This week Federal regulators announced that they will begin to require recreational drone operators to register their drones. This move comes in the wake of numerous drone incidents over the past year, the most high profile one being a drone crashing onto the front lawn of the White House. Federal regulators hope that the creation of a registration program for drones will help curb future close calls like this one, but will it?

Currently, the details of the drone registration are foggy at best, but one thing is for sure, federal regulators will have their work cut out for them. For one, how is this registration going to be enforced? People who are going to want to do illegal things with drones are surely going to avoid the registration process, then what? Let’s say crime or incident occurs with an unregistered drone, then there is no way to trace it back to the owner. Then the owner can simply walk away and buy another drone. Getting drones registered is going to be the biggest hurdle for this new system.

It is probably going to end up being harsh penalties for unregistered drones with little other incentive. I could also see Federal regulators requiring operators to take some sort of written test before they register. However, it would be nice if they instituted a tiered system of licenses that was dependent on flying hours where higher tier licenses would grant operators more privileges like high elevation allowances.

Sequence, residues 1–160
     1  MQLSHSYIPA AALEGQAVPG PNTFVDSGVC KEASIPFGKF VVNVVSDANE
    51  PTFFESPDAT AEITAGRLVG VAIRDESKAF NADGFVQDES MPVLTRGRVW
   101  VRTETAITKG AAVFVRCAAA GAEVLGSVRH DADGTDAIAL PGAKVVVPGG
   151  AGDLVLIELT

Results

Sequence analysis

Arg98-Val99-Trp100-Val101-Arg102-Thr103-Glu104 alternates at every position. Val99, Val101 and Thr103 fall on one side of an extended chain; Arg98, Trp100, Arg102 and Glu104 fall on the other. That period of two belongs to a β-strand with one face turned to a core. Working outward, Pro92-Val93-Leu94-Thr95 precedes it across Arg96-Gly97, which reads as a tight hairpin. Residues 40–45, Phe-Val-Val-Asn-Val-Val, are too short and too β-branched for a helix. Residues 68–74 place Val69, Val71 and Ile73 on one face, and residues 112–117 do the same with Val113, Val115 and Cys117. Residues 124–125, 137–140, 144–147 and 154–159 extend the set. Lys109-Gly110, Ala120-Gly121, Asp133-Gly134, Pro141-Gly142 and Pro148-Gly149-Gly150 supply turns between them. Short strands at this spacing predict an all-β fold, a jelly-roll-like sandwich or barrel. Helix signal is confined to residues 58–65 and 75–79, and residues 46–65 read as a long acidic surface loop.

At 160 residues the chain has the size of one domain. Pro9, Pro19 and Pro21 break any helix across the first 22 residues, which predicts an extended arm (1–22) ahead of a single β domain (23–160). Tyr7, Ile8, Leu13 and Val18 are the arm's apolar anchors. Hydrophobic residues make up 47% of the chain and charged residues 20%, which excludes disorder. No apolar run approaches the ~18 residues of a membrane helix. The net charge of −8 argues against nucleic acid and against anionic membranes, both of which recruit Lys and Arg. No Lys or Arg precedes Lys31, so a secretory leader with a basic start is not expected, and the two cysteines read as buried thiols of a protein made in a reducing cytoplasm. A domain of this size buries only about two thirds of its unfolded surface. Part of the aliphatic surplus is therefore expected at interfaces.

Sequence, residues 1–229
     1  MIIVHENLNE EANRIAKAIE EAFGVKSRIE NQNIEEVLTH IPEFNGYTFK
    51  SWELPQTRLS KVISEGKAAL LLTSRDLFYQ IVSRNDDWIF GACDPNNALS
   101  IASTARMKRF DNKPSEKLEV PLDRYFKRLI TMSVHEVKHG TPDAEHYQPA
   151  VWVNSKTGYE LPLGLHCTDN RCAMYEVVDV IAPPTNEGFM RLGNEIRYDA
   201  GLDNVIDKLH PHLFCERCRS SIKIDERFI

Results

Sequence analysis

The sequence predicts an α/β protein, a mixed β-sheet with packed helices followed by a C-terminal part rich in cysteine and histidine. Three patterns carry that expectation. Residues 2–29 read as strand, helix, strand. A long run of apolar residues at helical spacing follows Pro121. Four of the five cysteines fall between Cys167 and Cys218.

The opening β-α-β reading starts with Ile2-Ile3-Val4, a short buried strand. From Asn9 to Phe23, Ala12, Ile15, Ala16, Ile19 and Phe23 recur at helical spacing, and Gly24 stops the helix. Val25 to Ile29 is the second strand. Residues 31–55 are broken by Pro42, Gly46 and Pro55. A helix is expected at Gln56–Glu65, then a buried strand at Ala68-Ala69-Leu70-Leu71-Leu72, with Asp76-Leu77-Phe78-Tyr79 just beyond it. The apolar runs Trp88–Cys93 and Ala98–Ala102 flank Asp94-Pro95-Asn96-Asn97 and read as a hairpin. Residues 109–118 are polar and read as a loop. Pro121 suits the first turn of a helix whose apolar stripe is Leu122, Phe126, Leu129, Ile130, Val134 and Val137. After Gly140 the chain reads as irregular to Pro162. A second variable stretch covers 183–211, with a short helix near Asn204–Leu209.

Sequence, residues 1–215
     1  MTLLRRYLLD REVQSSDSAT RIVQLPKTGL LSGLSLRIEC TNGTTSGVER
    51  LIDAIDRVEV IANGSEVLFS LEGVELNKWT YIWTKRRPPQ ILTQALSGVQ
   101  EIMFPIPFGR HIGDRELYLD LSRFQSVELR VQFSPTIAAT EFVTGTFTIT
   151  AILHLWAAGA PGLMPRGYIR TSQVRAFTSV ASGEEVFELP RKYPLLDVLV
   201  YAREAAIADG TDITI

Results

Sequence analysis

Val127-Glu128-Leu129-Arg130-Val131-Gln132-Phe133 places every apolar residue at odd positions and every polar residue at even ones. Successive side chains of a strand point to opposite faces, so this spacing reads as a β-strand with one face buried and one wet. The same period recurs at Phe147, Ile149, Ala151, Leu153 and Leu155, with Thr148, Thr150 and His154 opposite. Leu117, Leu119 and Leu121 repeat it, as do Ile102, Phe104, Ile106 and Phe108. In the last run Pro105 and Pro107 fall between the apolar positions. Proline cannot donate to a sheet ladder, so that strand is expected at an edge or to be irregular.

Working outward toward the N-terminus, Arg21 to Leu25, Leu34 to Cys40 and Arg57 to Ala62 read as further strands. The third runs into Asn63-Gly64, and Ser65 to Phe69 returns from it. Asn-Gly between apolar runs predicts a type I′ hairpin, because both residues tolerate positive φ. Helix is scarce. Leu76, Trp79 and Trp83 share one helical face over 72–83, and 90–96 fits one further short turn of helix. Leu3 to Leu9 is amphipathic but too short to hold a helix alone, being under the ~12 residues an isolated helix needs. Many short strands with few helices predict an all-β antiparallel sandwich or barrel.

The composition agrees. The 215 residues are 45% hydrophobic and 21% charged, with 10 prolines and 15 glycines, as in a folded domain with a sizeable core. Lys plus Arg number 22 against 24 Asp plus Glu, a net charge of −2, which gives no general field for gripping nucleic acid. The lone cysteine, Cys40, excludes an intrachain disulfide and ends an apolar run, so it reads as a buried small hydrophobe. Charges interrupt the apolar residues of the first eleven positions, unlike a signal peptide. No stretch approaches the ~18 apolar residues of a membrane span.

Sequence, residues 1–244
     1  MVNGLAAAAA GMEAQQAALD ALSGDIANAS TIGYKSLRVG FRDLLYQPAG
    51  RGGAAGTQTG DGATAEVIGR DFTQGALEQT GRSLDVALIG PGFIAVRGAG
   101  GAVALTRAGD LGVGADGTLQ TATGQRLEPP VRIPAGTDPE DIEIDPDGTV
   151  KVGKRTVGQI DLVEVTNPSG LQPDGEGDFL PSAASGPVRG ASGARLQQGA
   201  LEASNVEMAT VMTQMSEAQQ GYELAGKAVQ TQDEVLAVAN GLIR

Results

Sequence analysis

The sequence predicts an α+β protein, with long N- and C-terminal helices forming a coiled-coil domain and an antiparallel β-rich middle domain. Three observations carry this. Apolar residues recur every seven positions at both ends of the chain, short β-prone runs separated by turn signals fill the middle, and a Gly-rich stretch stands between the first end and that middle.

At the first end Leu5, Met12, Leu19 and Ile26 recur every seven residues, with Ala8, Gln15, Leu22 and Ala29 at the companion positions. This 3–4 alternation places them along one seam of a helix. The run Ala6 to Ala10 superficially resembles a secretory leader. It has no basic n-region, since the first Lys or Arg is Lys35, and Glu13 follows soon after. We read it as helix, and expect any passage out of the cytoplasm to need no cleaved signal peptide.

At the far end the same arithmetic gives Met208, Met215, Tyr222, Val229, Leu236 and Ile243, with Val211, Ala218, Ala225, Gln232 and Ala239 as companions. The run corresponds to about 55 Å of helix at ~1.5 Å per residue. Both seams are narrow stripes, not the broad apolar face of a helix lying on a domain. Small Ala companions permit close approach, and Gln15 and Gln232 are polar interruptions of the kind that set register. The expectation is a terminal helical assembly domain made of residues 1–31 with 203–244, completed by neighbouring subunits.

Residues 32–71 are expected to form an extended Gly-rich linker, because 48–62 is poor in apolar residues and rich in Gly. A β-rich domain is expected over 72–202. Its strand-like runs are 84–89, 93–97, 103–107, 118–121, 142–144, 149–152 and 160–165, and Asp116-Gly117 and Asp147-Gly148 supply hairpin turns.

Ultimately, the registration of drones was inevitable. There has been far too many close calls and the government wasn’t going to wait for a more serious incident to occur before some action was taken. However, with any new regulations there is definitely going to be some growing pains. My fear is that regulations will be so strict that experienced drone operators will not be able to bring out the full potential of drones. Over the past few years we have seen some really amazing drone videos of cities, events, and landscapes. It would be a real shame if recreational drone operation was stomped out. Regulators needs to outline a path for expanded commercial use and recreational use, not just create roadblocks.

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